that F.ISI.ARPA is a name server for ARPA as well as the subject
of the query.

In this case, the name server included in the additional records
section the Internet addresses for the two hosts specified in the
authority section. Such additional data is almost always
available.

Given this response, the process that originally sent the query
might resend the query to the name server on A.ISI.ARPA, with a
new ID of 2305.







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Domain Names - Implementation and Specification


The name server on A.ISI.ARPA might return a response:

+-----------------------------------------+
Header | OPCODE=RESPONSE, ID=2305 |
+-----------------------------------------+
Question |QTYPE=MAILA, QCLASS=IN, QNAME=F.ISI.ARPA |
+-----------------------------------------+
Answer | F.ISI.ARPA MD IN F.ISI.ARPA |
| ------- |
| F.ISI.ARPA MF IN A.ISI.ARPA |
+-----------------------------------------+
Authority | |
+-----------------------------------------+
Additional | F.ISI.ARPA A IN 10.2.0.52 |
| ------- |
| A.ISI.ARPA A IN 10.1.0.22 |
+-----------------------------------------+

This query was directed to an authoritative name server, and hence
the response includes an answer but no authority records. In this
case, the answer section specifies that mail for F.ISI.ARPA can
either be delivered to F.ISI.ARPA or forwarded to A.ISI.ARPA. The
additional records section specifies the Internet addresses of
these hosts.

The contents of inverse queries and responses

Inverse queries reverse the mappings performed by standard query
operations; while a standard query maps a domain name to a
resource, an inverse query maps a resource to a domain name. For
example, a standard query might bind a domain name to a host
address; the corresponding inverse query binds the host address to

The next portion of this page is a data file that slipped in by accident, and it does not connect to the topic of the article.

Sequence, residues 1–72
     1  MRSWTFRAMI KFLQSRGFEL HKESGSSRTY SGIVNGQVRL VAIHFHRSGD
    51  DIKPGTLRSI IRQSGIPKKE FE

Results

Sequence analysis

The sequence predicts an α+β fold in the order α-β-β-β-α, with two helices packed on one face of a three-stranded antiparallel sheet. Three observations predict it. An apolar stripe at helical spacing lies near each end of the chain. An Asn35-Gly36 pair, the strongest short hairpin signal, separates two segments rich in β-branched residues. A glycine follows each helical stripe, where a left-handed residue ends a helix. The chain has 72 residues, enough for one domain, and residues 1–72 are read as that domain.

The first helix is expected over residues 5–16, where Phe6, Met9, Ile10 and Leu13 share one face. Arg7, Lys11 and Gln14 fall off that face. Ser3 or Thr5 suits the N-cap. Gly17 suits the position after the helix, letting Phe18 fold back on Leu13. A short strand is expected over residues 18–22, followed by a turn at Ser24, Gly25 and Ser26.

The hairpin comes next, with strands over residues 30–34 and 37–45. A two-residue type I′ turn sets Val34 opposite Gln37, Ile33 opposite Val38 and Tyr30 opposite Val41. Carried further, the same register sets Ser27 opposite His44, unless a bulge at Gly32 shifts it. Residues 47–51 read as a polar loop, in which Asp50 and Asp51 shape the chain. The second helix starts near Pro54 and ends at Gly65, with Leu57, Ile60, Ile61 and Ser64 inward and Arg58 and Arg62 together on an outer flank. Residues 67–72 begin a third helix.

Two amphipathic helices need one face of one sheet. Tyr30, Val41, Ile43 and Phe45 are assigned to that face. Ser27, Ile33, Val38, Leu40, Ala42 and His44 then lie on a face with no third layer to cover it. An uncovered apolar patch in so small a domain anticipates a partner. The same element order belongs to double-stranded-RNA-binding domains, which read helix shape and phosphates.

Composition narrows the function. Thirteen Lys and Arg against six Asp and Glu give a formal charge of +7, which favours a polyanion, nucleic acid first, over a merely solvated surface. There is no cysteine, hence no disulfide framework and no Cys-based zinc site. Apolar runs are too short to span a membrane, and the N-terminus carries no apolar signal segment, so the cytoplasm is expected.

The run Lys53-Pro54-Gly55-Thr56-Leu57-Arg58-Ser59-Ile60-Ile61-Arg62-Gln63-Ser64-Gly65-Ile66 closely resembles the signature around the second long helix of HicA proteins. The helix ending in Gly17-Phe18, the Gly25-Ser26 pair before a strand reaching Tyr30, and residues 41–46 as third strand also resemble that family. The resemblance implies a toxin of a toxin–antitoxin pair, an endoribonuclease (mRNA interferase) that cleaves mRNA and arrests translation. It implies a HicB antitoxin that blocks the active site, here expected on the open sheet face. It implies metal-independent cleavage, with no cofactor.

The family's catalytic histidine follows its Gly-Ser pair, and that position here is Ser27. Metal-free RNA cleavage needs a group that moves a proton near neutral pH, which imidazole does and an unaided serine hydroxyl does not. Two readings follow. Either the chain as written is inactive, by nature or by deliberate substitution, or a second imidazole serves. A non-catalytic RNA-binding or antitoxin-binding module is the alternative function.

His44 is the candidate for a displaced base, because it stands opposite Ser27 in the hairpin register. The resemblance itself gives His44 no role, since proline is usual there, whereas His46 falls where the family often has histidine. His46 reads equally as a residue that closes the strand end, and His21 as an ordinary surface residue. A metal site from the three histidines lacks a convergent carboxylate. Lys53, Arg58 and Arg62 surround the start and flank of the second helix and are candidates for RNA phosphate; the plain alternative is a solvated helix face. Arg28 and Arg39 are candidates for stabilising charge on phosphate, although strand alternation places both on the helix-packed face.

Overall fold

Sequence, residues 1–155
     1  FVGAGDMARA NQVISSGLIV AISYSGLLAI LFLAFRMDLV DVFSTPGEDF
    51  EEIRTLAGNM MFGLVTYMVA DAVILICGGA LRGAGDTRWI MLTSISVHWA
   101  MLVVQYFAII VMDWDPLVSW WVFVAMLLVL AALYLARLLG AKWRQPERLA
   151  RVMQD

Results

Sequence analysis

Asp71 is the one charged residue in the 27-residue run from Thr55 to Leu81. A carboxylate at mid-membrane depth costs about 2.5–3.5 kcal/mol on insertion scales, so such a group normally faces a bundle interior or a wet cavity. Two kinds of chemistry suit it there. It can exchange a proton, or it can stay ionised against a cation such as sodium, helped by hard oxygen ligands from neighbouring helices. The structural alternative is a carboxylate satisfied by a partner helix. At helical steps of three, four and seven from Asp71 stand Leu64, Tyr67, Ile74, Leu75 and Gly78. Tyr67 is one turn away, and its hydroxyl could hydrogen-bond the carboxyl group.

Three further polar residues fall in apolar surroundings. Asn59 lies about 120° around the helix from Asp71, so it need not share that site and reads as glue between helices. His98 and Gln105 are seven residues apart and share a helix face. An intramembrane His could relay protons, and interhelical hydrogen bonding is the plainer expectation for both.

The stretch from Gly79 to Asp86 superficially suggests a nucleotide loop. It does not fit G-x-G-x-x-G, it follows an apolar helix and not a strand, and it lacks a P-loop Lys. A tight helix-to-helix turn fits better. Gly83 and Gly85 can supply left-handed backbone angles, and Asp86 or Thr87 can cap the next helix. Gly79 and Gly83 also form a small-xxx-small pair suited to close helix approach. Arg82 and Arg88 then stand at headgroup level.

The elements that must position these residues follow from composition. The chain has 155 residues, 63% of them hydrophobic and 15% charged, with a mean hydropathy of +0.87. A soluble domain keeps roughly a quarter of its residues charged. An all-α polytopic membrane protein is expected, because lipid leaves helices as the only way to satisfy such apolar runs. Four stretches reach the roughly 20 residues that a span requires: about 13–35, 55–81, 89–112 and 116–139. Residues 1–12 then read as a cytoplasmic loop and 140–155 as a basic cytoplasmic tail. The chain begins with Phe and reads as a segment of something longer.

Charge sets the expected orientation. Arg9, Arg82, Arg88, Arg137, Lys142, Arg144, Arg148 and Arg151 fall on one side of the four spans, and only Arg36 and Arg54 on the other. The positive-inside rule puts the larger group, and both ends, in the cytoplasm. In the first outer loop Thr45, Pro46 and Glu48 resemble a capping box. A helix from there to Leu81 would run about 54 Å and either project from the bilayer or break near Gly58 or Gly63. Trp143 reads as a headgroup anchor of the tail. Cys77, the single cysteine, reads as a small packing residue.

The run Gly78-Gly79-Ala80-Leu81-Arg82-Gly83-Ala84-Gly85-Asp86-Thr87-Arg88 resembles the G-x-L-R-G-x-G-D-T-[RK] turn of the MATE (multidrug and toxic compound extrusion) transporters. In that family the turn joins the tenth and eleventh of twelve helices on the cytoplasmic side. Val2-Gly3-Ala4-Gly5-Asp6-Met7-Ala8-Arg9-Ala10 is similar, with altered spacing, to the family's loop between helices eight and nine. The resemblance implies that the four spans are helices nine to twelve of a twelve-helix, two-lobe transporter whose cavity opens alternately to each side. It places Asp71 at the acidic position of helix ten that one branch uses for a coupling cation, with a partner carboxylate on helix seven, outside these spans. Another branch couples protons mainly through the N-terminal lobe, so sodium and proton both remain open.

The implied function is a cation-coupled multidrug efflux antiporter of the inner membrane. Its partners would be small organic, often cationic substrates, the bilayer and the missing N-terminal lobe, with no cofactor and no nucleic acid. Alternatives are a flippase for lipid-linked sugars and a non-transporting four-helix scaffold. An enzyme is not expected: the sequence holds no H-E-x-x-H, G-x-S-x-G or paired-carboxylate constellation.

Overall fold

a domain name.

Inverse query mappings are not guaranteed to be unique or complete
because the domain system does not have any internal mechanism for
determining authority from resource records that parallels the
capability for determining authority as a function of domain name.
In general, resolvers will be configured to direct inverse queries
to a name server which is known to have the desired information.

Name servers are not required to support any form of inverse
queries; it is anticipated that most name servers will support
address to domain name conversions, but no other inverse mappings.
If a name server receives an inverse query that it does not
support, it returns an error response with the 'Not Implemented'
error set in the header. While inverse query support is optional,
all name servers must be at least able to return the error
response.


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Domain Names - Implementation and Specification


When a name server processes an inverse query, it either returns:

1. zero, one, or multiple domain names for the specified
resource

2. an error code indicating that the name server doesn't
support inverse mapping of the specified resource type.

Inverse query and response example

The overall structure of an inverse query for retrieving the
domain name that corresponds to Internet address 10.2.0.52 is
shown below:

+-----------------------------------------+
Header | OPCODE=IQUERY, ID=997 |
+-----------------------------------------+
Question | |
+-----------------------------------------+
Answer | A IN 10.2.0.52 |
+-----------------------------------------+
Authority | |
+-----------------------------------------+
Additional | |
+-----------------------------------------+

This query asks for a question whose answer is the Internet style
address 10.2.0.52. Since the owner name is not known, any domain
name can be used as a placeholder (and is ignored). The response
to this query might be:

+-----------------------------------------+
Header | OPCODE=RESPONSE, ID=997 |
+-----------------------------------------+
Question | QTYPE=A, QCLASS=IN, QNAME=F.ISI.ARPA |
+-----------------------------------------+
Answer | F.ISI.ARPA A IN 10.2.0.52 |
+-----------------------------------------+
Authority | |
+-----------------------------------------+
Additional | |
+-----------------------------------------+

Note that the QTYPE in a response to an inverse query is the same
as the TYPE field in the answer section of the inverse query.
Responses to inverse queries may contain multiple questions when